Your shotgun will last a lifetime, and even longer, if properly cared for. The maintenance requirements are relatively minimal, but they’re critical to ensuring your smoothbore functions properly. Periodic cleaning may be required throughout the hunting season depending on how much you use your shotgun and under what field conditions. At the very least, your gun should be thoroughly cleaned once a year—and there’s no better time than during the off-season to get the job done. Here’s how.
Whether you carry a semi-auto, pump, single-shot or double gun, the barrel can be easily removed so that it can be thoroughly cleaned. Otherwise, powder residue and the remnants of plastic wads can eventually impact how your shotgun patterns.
There’s no shortage of excellent bore cleaners to handle the powder buildup; simply follow the directions for optimal results. Most recommend soaking a patch and using a wooden or aluminum rod to apply a thin film of cleaner to the inside of the barrel. Let the cleaner do its work for several hours, then use a bronze brush to scrape the residue away from the barrel wall. Follow this up with a series of dry patches until they come out clean.
Most bore cleaners don’t remove plastic buildup, however, so if you’re a high-volume shooter, you should also use a solvent developed specifically to dissolve plastics. Be careful not to let the solvent come into contact with any plastic components on your gun, as they will also dissolve.
If your shotgun has a choke tube, leave it in place when cleaning the bore, or you risk pushing grime into the fine threads. Once the bore is clean, remove the choke and clean it separately with solvent and a brush. Once it’s clean, apply a very light touch of tube grease to the threads to prevent the tube from rusting into place—they’re darn near impossible to remove from the barrel if that happens.
Most modern shotguns are easy to disassemble if you follow the directions in the owner’s manual. Once the action is removed, use compressed air—available at most hardware or electronics stores—to blast away any residue. If any buildup remains, use a bristle brush, cotton swabs or dedicated firearms cleaning products such as Swab-its foam swabs to get into all the little crevices. Baked-on debris may require an aerosol-based product, such as Birchwood Casey’s Gun Scrubber, to blast away the residue. Afterwards, use a brush or swab to clear away any remaining loose particles.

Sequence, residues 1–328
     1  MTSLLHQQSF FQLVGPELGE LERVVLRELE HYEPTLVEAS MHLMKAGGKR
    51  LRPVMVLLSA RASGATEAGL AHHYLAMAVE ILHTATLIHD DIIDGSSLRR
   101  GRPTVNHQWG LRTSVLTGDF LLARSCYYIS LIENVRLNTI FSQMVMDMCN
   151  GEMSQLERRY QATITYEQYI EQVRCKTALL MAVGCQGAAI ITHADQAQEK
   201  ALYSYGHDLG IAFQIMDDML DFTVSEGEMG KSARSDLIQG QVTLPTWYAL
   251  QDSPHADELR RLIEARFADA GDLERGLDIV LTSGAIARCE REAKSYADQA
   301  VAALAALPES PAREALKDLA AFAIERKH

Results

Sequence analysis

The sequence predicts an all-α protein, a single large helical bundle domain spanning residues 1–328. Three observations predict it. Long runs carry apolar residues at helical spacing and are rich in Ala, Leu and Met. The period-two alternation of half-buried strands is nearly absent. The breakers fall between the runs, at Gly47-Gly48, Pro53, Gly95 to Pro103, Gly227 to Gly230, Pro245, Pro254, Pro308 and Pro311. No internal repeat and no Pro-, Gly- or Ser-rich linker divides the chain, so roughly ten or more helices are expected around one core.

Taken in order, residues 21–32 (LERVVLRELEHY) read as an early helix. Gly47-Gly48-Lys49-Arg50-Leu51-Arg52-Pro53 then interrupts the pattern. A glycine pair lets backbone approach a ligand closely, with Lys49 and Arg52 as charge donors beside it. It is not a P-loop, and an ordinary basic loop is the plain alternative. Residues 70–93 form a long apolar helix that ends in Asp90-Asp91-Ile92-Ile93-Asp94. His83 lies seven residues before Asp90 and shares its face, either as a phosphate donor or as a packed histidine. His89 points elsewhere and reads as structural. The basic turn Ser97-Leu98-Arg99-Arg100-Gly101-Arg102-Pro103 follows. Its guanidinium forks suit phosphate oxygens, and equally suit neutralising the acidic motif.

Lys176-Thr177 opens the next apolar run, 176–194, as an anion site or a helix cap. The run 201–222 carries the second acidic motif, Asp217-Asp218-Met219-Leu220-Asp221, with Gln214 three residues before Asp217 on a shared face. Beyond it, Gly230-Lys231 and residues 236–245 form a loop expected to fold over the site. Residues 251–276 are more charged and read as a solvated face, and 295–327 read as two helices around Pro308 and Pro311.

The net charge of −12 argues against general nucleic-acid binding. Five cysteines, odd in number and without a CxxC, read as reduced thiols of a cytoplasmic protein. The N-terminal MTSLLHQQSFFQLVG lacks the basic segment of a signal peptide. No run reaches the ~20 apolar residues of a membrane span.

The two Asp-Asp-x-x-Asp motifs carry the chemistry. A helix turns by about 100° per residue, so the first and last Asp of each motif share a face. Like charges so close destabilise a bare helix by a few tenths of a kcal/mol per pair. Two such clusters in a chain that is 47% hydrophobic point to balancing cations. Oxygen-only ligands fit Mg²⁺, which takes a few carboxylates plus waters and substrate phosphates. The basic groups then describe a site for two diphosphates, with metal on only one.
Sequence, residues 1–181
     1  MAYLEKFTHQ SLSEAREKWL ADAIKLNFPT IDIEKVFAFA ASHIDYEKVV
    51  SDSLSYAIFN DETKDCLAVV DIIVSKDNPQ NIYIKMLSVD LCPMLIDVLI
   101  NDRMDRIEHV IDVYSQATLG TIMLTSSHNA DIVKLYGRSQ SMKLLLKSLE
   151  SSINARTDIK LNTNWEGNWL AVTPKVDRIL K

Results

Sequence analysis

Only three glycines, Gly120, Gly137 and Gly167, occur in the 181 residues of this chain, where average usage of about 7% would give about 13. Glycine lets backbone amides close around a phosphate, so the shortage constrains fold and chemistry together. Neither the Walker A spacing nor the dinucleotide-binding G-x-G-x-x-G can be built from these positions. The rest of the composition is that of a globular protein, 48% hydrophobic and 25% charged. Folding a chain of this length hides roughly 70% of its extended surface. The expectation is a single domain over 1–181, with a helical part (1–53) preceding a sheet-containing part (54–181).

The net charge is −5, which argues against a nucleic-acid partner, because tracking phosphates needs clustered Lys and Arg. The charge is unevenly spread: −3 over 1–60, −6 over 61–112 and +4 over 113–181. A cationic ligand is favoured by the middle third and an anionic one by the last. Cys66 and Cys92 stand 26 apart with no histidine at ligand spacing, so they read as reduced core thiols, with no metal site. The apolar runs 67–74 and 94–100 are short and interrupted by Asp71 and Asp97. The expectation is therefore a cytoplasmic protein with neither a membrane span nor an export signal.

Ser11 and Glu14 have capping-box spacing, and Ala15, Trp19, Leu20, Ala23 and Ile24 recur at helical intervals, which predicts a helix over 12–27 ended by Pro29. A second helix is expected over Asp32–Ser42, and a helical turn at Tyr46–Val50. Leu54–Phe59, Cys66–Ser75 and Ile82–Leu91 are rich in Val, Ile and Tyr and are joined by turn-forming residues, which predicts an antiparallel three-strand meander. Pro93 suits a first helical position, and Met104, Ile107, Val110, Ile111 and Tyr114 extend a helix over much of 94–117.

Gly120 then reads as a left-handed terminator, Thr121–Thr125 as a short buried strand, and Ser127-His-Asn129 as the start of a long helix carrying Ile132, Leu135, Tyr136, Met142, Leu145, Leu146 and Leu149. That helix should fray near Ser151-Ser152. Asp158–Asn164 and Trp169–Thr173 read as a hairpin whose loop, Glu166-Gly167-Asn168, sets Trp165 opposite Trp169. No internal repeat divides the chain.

Once the action and all other exposed metal is clean, it’s time to lubricate—but don’t overdo it. Excess oil attracts dirt and other particles that can mire your shotgun’s action, resulting in failures to cock or cycle, or outright misfires. Only a dab or two of gun oil should be applied to the operating rails and the slot that the bolt travels through on semi-autos and pumps. For break-actions, a drop of oil on the pivoting points and a dab of gun grease on the hinge pin are all that’s generally required. In all cases, any excess oil should be blotted up.
Keep in mind that cleaning solvents can damage both wood and synthetic stocks, as well as rubber recoil pads. Plastic stocks are easy to clean with warm water and mild dish soap; you may need to use a bristle brush to remove dirt that has collected in the recoil pad. Wooden stocks are best treated with a dedicated gunstock wax, which protects the stock and provides some water resistance; and unlike oils, it doesn’t rub off or penetrate through the finish. Do all this and not only will your gun shoot well for years to come, it will also look good in the process.
Bonus tip: Storage smarts
Before storing your shotgun, ensure it is not cocked to avoid weakening the tension on the springs. Also avoid storing your shotgun in a sealed plastic case that can trap moisture inside, or in a soft case that can absorb moisture. In either situation, you may find surface rust the next time you pull out your shotgun. Locker-style gun safes are best, with the guns stored barrel down so any excess oil runs out rather than accumulating in the action.
Edmonton-based Ken Bailey is Outdoor Canada’s long-time hunting editor.